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Skin Cancer Examiniation

What is the Incidence and Risk Factors for Skin Cancer in Organ Transplant Recipients?

Organ transplant recipients (OTRs) are at greater risk of developing skin cancer than the general population.  This is likely due to the lifelong immunosuppressive regimes that are required to preserve graft function.

A recent study combined national transplant registry data with skin cancer outcomes to estimate a population-based incidence of post-transplant skin cancer in the United States. In addition, the authors sought to evaluate the risk factors for post-transplant skin cancer, including squamous cell carcinoma (SCC), melanoma (MM), and Merkel cell carcinoma (MCC). The study population included 10,649 adults who received a primary transplant in either 2003 or 2008, and this population yielded more than 59,000 person years of follow-up data.

A total of 8% of the OTRs studied developed post-transplant skin cancer. The incidence rate (IR) of overall skin cancer (calculated per 100,000 person-years of observation) was considered high, with an overall rate of 1,437 per 100,000 person years. Most of the cancers were SCC; OTRs had an IR of 1,355 per 100,000 person-years compared to 38 per 100,000 in the general adult population. Cases of MCC and MM were also significantly higher that what is observed in the general US population.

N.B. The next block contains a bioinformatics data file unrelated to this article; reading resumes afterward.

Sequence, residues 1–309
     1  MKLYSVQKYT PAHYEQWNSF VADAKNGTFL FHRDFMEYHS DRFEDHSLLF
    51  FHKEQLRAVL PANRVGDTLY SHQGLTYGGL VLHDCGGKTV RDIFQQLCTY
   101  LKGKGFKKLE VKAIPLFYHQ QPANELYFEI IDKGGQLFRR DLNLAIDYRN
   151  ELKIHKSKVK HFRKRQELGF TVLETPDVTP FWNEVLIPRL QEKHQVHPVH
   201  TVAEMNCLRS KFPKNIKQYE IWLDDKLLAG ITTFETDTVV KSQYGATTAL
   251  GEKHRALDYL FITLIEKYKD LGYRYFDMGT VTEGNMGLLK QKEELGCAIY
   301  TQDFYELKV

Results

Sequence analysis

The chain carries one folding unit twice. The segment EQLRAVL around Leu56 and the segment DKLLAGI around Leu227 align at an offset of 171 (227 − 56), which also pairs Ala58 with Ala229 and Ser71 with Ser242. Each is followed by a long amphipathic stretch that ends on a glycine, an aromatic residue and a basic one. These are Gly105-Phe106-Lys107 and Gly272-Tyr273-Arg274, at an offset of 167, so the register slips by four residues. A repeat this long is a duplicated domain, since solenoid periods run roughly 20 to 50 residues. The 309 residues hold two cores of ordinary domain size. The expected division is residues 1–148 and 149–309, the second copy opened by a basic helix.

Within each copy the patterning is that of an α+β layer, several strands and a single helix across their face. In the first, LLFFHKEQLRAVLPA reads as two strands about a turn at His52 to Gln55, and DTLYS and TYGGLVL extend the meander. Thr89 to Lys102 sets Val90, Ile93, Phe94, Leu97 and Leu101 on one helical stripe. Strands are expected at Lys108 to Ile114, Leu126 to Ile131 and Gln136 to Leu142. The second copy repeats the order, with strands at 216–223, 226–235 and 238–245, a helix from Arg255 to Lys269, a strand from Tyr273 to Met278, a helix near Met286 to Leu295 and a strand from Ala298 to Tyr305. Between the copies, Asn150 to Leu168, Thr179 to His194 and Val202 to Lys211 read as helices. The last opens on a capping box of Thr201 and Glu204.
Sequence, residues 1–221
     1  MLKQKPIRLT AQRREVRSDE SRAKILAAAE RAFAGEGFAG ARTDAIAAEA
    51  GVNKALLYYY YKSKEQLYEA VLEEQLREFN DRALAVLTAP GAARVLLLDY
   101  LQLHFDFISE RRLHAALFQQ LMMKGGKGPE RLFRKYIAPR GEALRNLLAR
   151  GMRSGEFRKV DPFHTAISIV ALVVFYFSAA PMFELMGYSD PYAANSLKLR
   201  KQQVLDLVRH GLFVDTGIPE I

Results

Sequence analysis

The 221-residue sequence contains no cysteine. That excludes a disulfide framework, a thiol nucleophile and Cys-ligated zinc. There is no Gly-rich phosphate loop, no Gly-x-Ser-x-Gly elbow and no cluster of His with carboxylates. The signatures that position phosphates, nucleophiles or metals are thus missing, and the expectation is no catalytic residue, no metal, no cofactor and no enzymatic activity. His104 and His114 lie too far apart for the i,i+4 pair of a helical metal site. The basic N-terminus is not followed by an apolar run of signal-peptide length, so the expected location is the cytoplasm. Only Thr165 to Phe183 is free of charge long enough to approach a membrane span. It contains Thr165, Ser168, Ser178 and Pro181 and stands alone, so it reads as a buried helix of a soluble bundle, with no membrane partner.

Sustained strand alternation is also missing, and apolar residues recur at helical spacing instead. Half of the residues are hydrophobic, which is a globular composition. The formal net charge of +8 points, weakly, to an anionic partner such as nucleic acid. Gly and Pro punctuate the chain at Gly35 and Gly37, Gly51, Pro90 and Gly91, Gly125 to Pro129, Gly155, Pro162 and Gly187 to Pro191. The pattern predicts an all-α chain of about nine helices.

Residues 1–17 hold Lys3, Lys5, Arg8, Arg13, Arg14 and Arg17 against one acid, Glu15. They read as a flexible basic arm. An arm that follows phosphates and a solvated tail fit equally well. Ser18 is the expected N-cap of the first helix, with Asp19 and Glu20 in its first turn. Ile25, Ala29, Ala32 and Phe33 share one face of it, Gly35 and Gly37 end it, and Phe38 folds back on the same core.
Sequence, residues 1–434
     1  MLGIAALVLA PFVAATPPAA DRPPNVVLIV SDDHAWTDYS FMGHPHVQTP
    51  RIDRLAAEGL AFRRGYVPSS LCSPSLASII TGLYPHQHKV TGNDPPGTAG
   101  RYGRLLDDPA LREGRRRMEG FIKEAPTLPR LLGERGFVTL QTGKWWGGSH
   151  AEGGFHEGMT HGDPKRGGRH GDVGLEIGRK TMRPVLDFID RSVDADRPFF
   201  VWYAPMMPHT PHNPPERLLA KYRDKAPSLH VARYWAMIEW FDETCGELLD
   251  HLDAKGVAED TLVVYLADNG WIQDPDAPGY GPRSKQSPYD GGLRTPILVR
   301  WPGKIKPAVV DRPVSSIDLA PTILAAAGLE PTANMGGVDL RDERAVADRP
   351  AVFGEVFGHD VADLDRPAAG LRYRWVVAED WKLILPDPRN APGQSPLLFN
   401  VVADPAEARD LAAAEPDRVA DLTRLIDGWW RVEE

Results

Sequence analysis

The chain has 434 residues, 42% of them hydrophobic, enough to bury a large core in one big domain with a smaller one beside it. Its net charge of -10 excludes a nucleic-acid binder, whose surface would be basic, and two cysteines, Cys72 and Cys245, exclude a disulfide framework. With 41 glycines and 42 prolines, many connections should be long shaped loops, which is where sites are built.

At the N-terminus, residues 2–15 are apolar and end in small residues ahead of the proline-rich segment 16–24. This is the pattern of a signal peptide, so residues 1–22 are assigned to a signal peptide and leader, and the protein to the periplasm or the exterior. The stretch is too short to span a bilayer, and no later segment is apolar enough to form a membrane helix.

The authors state that the data show the skin cancer incidence rate in OTRs is nearly 5 times the rate of all cancers combined in the overall US population. OTR patients that were white, men, thoracic transplant recipients or 50 years or older at transplant were at higher risk for developing skin cancer. The authors conclude that the high incidence of post-transplant skin cancer highlights the need for surveillance after organ transplantation, especially in certain OTRs with high-risk features. They note that future research should include the development of a prediction tool and research to determine whether skin cancer risk can be mitigated through optimization of immunosuppressive regimes.

 

Byline: Martha L. Sikes, MS, RPh, PA-C

Posted: May 8, 2017

Source: JAMA Dermatology
Adapted from the original article.

[Image: Shutterstock]




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